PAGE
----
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Wag-the-dog in the Bitcoin market

In the stock market, the expression “Tail is wagging the dog” refers to when derivative products such as futures and options become so influential as to drive the price of the underlying stock up and down.

In today’s stock market, futures and options are so highly developed, and wag-the-dog phenomenon occurs quite often in fact. A futures transaction is the trading of a stock at a predetermined future date and price (generally 1 month after) instead of at the current stock price. For such transactions, stock price speculations by investors are bound to be different, and such differences give rise to arbitrage.

For example, let’s say that the current price of a stock is 10,000 won, and the futures market forecasts the price to rise to 12,000 won in a month. Under such a circumstance, if the price of a futures product jumps to 15,000 won, some investors will think that the price became too high, so they will sell this product and buy a relatively cheaper one. Such arbitrage trading will bring the stock price up and the futures price down, maintaining a certain level of price difference. In other words, undervaluation and overvaluation in the futures market can move the underlying stock price.

In contrast to this, the Bitcoin market has rarely experienced the wag-the-dog phenomenon. This is because the Bitcoin price has been mainly affected by big players called “whales” and Bitcoin miners and also because the Bitcoin futures market has been relatively too small to move the spot market.

However, since the giant Chicago Mercantile Exchange (CME)’s entering into the Bitcoin futures market, which had only included a few global cryptocurrency exchanges, the market has been growing exponentially. The Bitcoin futures market grew from about 6 billion dollars in 2017 to as much as about 1.8 trillion dollars now. Currently, Bitcoin futures products are being traded four to five times more expensively than spot trading.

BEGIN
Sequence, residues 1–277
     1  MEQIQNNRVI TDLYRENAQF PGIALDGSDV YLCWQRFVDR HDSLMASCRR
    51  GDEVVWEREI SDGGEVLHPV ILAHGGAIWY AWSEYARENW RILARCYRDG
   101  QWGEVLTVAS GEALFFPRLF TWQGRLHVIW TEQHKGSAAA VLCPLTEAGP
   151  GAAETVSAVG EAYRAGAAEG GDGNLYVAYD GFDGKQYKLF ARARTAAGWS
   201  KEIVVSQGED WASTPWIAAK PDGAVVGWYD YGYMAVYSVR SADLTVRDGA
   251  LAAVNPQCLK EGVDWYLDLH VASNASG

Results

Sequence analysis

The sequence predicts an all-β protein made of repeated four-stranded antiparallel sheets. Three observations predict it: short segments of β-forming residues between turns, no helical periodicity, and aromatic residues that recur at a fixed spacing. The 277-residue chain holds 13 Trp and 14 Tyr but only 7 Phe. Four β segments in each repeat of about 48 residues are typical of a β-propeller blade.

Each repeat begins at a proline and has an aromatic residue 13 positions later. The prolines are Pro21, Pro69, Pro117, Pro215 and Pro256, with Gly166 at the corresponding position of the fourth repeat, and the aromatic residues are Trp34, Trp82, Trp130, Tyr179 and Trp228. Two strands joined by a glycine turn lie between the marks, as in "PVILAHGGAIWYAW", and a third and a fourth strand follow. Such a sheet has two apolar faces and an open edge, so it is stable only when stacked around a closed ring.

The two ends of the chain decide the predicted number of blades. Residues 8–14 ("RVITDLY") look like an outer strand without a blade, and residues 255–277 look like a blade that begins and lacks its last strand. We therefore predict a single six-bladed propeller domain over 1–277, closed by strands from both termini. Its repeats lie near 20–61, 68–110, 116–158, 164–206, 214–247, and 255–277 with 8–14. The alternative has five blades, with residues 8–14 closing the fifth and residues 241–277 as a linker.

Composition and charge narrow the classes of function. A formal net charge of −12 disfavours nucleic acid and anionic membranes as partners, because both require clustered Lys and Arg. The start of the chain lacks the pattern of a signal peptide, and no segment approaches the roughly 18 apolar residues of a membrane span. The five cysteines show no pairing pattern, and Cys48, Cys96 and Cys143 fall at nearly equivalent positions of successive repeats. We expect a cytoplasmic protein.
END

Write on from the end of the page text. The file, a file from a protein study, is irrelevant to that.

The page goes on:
After a period of steep price fall, Bitcoin is struggling to rebound and seems unable to break the line of resistance formed between 38,000 and 40,000 dollars. Behind this are “outflow of institutional investors from the Bitcoin market” and “concerns over additional regulatory restrictions” as well as the increased selling of Bitcoin futures.

While the Bitcoin price continued to fall starting in May, Chinese authorities imposed a clampdown on domestic Bitcoin mining. This brought down the difficulty of Bitcoin mining considerably. Bitcoin mining difficulty is represented by the concept called hashrate. Hashrate is the total combined computational power used to mine Bitcoin in a network. The higher the hashrate, the more difficult Bitcoin mining is. And a lower hashrate means that Bitcoin mining is that much easier.

Because of this, it has been generally agreed that once hashrate hits the bottom, the Bitcoin price will bottom out as well and then rebound. Nevertheless, while hashrate continues to fall recently, the Bitcoin price is still struggling to bounce back. The Bitcoin analyst Timothy Peterson recently declared on his Twitter that the existing model that says lowering of mining difficulty will bring up the Bitcoin price is flawed.

Bitcoin futures played a determining role in breaking the correlation between hashrate and the Bitcoin price. To see how much more expensively Bitcoin futures are traded than spot Bitcoins, you can see the funding rate. Funding rate is calculated based on the rate of funding interest paid to exchanges to buy futures and the premium attached to the futures price. Generally, a higher funding rate means that the futures price is overvalued with a high purchase demand, and a lower funding rate means the opposite.

Recently, the funding rate is going down because an increasing number of investors are becoming pessimistic about Bitcoin. This increase in selling of Bitcoin futures is causing the investors’ confidence to shrink in the Bitcoin market. Also, as Bitcoin futures are being relatively undervalued, more investors are selling spot Bitcoins for arbitrage profit. In fact, an increasing number of investors are selling Bitcoins for profit whenever the spot price rises. To put it another way, the tail is wagging the dog.

However, such a phenomenon is apt to occur anytime in a market with growing derivatives and does not last forever. If the price gap between Bitcoin futures and spot products narrow and some favorable factors calm the speculative selling of futures, the situation can change. Bitcoin has been going sideways for long, but this may not be due to a structural problem but only a temporary result of the growth of the derivatives market. Right now, it is important to prepare for future changes in the market.



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